Hope these investors have a high pain tolerance.
Yesterday Tandem Diabetes (NASDAQ:TNDM) announced they had closed the underwriting of their most recent offering. According to a company issued press release; “Tandem Diabetes Care®, Inc. (TNDM), a medical device company and manufacturer of the t:slim® and t:flex™ Insulin Pumps, today announced the closing of its previously announced underwritten public offering of 6,037,500 shares of common stock at a price to the public of $11.50 per share, which includes the exercise in full by the underwriters of their option to purchase up to an additional 787,500 shares. All of the shares in the offering were offered by Tandem.”
Looking over the history of how shares in other insulin pumps have performed one has to wonder what investors in Tandem are expecting. Over the past 12 months shares of Tandem have fallen almost 50%, while shares in Insulet (NASDAQ:PODD), another pure insulin pump play, have fallen over 36% over the same period. Go out even further and the picture isn’t much brighter, over the past 2 years shares in Tandem have fallen over 34%, while shares of Insulet have fallen nearly 17%.
Now we all know the old adage about buying low and selling high but just when will the high come for investors in either company. Tandem has not been a publicly traded company as long as Insulet but it is following a similar path as Insulet has been back to the capital markets numerous times since they initially went public. Which begs the question, are pure insulin pump plays a good investment or just sinkholes that destroy value.
Keep in mind this has nothing to do with the quality of the products they sell or whether or not insulin pump therapy is a viable therapy option. Both Tandem and Insulet make a quality product and the benefits of insulin pump therapy are well documented. What this is all about is whether or not investments in companies that do nothing other than sell insulin pumps are wise. We ask this as Asante another pure play in pumps has delayed their IPO and CellNovo, another pure play has filed for an IPO on the French stock exchange.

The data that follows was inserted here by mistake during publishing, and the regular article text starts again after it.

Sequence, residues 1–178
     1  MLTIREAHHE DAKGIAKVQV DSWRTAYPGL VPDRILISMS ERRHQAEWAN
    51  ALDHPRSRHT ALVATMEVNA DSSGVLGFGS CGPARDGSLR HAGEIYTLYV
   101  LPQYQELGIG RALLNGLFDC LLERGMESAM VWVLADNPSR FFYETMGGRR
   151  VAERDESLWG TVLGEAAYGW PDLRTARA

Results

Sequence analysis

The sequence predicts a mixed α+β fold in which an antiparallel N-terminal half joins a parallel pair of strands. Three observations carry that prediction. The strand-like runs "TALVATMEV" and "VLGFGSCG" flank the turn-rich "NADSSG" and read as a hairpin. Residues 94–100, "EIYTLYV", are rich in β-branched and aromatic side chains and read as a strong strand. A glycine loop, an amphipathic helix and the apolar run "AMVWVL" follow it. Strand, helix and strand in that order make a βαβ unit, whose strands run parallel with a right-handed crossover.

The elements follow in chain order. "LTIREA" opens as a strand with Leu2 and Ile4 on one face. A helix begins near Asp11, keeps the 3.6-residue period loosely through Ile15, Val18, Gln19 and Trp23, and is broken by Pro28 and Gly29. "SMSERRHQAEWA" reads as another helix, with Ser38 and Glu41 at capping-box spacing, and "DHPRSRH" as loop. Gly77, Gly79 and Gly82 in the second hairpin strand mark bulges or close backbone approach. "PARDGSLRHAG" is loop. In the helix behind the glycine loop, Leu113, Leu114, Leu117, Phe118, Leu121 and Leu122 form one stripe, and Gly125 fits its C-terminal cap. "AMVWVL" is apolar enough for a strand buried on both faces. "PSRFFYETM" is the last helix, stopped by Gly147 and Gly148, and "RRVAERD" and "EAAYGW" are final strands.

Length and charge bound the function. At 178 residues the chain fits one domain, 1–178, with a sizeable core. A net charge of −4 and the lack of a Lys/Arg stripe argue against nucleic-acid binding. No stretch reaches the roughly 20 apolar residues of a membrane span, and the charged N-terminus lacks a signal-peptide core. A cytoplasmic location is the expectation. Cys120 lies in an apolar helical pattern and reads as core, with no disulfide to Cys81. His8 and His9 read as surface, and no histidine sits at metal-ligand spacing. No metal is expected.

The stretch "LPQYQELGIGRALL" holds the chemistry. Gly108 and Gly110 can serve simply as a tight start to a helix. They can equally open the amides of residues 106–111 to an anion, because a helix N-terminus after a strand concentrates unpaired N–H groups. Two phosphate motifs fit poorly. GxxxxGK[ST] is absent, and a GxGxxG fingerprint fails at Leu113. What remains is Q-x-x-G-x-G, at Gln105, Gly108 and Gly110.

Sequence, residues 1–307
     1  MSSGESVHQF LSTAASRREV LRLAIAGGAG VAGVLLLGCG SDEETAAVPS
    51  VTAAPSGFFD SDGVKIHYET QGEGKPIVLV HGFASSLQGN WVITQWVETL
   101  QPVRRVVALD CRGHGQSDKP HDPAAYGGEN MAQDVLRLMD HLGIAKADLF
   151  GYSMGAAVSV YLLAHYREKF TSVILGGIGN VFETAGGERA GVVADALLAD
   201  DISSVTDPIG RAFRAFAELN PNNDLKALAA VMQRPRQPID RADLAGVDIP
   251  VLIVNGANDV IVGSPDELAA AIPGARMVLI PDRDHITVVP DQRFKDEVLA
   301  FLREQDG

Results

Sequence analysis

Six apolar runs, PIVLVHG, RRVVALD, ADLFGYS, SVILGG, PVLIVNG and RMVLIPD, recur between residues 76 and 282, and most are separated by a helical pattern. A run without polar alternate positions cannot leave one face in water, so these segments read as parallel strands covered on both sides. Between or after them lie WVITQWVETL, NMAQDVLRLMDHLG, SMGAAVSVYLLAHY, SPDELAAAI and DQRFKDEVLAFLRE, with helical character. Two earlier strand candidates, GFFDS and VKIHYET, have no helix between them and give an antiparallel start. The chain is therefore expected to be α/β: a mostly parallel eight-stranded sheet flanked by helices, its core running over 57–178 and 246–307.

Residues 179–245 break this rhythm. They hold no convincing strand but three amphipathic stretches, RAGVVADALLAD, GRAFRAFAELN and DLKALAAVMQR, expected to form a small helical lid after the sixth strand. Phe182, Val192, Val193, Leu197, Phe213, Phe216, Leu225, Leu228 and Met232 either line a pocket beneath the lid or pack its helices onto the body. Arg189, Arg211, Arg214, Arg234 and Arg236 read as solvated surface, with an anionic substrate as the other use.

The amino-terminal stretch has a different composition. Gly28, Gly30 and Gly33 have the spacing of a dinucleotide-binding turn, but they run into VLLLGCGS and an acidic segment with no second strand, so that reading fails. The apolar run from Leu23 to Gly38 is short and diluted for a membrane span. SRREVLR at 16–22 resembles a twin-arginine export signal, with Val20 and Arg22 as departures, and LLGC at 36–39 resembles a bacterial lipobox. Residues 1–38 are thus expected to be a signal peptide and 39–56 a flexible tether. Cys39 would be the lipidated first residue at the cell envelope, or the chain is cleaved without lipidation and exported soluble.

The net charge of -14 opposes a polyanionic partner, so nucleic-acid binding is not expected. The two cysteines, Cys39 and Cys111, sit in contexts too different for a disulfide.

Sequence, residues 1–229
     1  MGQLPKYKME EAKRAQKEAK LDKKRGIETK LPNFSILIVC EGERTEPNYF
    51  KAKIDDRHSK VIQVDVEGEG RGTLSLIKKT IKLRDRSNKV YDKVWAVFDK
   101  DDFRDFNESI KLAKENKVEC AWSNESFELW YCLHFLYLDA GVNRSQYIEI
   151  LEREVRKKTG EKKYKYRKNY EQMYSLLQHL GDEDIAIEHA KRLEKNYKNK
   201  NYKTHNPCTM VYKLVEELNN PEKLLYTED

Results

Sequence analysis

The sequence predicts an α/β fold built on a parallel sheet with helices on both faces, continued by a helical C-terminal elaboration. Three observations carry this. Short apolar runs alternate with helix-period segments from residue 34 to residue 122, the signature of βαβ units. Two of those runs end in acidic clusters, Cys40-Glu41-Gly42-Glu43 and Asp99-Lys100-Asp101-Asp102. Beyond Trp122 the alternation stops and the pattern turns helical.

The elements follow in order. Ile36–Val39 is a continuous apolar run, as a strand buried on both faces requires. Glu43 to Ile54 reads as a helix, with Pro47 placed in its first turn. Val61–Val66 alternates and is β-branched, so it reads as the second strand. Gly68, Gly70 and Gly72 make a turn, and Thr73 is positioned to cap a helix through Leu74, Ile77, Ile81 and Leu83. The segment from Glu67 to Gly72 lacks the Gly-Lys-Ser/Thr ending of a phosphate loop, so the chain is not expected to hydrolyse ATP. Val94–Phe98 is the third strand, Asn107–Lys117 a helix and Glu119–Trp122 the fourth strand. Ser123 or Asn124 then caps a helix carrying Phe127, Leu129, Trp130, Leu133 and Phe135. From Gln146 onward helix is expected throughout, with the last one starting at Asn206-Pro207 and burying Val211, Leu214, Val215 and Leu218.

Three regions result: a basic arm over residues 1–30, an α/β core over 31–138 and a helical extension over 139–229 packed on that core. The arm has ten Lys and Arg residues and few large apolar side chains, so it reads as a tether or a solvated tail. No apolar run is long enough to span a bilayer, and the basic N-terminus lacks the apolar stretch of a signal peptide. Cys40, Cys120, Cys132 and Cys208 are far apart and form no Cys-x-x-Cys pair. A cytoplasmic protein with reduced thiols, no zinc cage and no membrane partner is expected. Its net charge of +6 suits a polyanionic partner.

Now back in the day investing in an insulin pump company was almost a guarantee to make money. MiniMed even before it was acquired by Medtronic (NYSE:MDT) was an outstanding investment, Animas was acquired by Johnson and Johnson (NYSE:JNJ) and Disetronic was acquired by Roche. Yes back in the day it seemed as if all a pump company had to do was hang out a shingle, get some market share and then a larger player would come along and buy them. Well needless to say those days are long gone.
Today market dynamics are much different and the possibility that any of these pure pump plays will be acquired is a long shot and as anyone whose bet on longshots knows they are called longshots for a reason. Is it possible, of course, is it likely we think not. Therefore it makes sense that when investing in these pure pump plays investors should not invest solely on the belief that the company they are investing in will be acquired. They should instead ask given the current market dynamics can this company create value by being a well-run insulin pump company.
Therein lies the problem as even with ultra-talented management Diabetic Investor isn’t sure these pure plays can create value. While we hate to sound like a broken record we’ll say it again the insulin pump market is not large enough nor is it growing at a rate that supports not just the current players but the many who want to enter this market. Even if there wasn’t pricing pressure, which there is, or the prospect of competitive bidding, which is real or more intense competition there just isn’t an unmet need here.
Now we hate to dump on our good friends at JNJ but it speaks volumes when a company with JNJ’s resources cannot make money in the insulin pump market. The volume only gets turned up when one looks at a company like Insulet who came up with a truly innovative product offering yet can’t make any real money either. What have we said all along making a pump is the easy part, actually running a pump company is the hard part.
Yet time and time again investors continually invest in these pure pump plays. Why is what baffles Diabetic Investor. Do they believe, in spite of all evidence to the contrary, that market dynamics will suddenly turn positive? Do they seriously believe that demand for pumps will increase dramatically? Could it be that they see something that no one else sees and please if they do we want to know what that is?
Honestly we have nothing against Tandem or Insulet nor do we have any ill will towards Asante or CellNovo. We just want to know what investors see in these companies, what makes them a compelling investment. Other than having a high tolerance for pain we just don’t see it.